We included studies that assessed perceptions of cognition or that evaluated PCC-patient conversations about brain health occurring before formal assessment or diagnosis of MCI/ADRD. Studies focused on evaluation, diagnosis, or treatment of MCI or ADRD were excluded. Notably, the term “Alzheimer’s” was omitted from the algorithms because our review specifically excluded studies that focused on individuals already diagnosed with ADRD. Furthermore, inclusion of “Alzheimer’s” as a term in early test searches led to an infeasible number of records to review. Other eligibility criteria included articles published in English on or after January 1, 2000. As global health systems vary widely, we limited our review to studies conducted in the US.

All retrieved references were imported into Covidence (Veritas Health Innovation, Two reviewers (QOB and AM) independently screened all titles and abstracts for relevance, and disagreements were resolved by discussion between these 2 reviewers. The same 2 reviewers independently screened all full-text articles. Additional articles were identified for inclusion through searches of the reference lists of included articles. Data were manually extracted and organized into a data charting form developed by all authors. Results were synthesized into a table summarizing key findings from each study. After the data extraction process was complete, all authors reviewed the included articles, participated in finalization of the summary table, and collaboratively identified the themes that emerged from the included articles through iterative discussion of the key findings of each paper. These discussions continued until all authors agreed on the final set of themes, at which point each article was mapped to the theme or themes that represented its key findings.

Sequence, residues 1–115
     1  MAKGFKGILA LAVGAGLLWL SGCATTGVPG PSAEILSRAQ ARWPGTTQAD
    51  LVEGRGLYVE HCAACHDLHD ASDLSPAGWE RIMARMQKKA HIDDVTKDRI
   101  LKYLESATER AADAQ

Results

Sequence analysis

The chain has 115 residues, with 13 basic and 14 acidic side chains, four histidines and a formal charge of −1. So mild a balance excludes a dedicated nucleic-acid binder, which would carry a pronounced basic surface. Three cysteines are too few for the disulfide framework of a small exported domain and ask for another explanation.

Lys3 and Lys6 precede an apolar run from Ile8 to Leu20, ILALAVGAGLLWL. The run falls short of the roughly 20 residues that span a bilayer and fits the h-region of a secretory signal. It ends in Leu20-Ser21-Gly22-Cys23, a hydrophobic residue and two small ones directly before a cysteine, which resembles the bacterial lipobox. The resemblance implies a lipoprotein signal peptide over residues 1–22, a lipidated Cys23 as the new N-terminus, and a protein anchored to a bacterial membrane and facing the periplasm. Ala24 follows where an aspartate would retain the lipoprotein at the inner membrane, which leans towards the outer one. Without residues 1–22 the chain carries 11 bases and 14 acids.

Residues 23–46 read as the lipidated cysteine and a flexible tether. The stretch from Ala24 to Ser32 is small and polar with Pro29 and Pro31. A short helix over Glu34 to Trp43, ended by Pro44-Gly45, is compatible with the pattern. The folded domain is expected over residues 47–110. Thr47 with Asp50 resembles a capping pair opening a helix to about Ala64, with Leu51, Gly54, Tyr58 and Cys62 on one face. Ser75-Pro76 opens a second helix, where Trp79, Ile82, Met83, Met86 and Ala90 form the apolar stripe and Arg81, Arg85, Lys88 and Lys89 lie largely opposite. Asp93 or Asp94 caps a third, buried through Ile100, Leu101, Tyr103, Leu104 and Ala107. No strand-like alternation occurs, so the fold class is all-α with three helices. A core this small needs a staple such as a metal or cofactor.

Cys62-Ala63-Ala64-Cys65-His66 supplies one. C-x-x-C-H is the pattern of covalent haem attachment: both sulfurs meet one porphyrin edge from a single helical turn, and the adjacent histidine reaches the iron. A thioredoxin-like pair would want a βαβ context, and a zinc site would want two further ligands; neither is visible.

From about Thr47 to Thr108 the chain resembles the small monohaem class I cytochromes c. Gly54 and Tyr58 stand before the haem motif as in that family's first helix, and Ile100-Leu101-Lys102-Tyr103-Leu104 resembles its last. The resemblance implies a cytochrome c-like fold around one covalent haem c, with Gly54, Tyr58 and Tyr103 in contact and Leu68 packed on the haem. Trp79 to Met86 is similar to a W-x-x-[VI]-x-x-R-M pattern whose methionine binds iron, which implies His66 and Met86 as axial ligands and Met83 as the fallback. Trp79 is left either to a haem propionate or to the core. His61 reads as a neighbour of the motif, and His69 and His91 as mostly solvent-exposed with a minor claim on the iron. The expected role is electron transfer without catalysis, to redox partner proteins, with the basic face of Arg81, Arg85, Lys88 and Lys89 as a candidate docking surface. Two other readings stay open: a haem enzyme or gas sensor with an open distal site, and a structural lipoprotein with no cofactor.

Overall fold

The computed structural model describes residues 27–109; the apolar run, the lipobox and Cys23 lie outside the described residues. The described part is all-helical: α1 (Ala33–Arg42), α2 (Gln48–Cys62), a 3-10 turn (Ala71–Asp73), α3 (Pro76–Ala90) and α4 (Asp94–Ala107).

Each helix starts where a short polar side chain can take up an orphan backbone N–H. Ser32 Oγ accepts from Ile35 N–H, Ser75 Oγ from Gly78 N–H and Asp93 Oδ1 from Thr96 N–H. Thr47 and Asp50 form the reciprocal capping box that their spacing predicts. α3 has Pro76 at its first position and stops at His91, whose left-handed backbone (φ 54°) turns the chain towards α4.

The quality of each included study was independently evaluated by 2 reviewers (QOB and AM) using the mixed methods appraisal tool (MMAT) [27]. Because we expected to include studies with a wide variety of designs in our review, we selected the MMAT as it was designed to assess the methodological quality of qualitative, quantitative, and mixed methods studies (Appendix C).


In total, 5547 unique records were identified. Of these, 5468 were excluded after title and abstract screening. Articles were excluded if they were published before the year 2000 or if they were published in a language other than English. Studies conducted outside the US were also excluded, as were those that focused on patients already diagnosed with Alzheimer’s disease or mild cognitive impairment, or that described specialist clinicians practicing outside of primary care settings. Additionally, review articles and studies that did not explore perspectives, knowledge, attitudes, beliefs, barriers, or facilitators to communication related to brain health or cognitive concerns were also excluded. In total, 79 full-text articles were assessed for eligibility. A manual review of reference lists and key authors’ works led to the inclusion of another 8 articles. After screening, 22 articles representing 19 unique studies were identified for inclusion (Fig. 1).

Fig. 1
figure 1

PRISMA flow diagram. PRISMA, Preferred Reporting Items for Systematic Reviews and Meta-Analyses